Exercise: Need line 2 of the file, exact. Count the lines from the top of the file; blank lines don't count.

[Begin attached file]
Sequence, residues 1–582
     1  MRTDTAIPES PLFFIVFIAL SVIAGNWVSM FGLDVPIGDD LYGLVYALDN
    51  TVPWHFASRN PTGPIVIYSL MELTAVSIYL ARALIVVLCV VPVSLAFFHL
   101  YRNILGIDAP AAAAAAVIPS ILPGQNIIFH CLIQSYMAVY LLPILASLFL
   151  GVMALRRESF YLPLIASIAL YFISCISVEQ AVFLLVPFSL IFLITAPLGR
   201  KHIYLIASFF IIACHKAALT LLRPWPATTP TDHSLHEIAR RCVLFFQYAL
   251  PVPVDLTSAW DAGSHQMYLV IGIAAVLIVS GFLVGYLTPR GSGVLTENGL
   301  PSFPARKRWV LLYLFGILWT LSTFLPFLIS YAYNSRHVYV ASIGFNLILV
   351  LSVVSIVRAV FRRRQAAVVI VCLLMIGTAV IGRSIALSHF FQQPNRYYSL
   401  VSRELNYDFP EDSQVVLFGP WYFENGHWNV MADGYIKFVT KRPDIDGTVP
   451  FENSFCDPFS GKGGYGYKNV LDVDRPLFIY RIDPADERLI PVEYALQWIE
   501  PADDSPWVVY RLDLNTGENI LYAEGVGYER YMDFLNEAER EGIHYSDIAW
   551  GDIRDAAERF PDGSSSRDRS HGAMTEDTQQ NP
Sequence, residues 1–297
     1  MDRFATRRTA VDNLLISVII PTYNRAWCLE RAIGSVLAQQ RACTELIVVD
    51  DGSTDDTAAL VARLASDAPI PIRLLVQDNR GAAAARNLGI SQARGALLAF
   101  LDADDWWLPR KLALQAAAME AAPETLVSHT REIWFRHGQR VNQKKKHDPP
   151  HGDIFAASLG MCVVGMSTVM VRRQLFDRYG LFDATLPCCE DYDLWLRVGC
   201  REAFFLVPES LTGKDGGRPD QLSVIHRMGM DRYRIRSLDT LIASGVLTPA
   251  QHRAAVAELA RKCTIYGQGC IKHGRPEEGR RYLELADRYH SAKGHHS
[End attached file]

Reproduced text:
     1  MRTDTAIPES PLFFIVFIAL SVIAGNWVSM FGLDVPIGDD LYGLVYALDN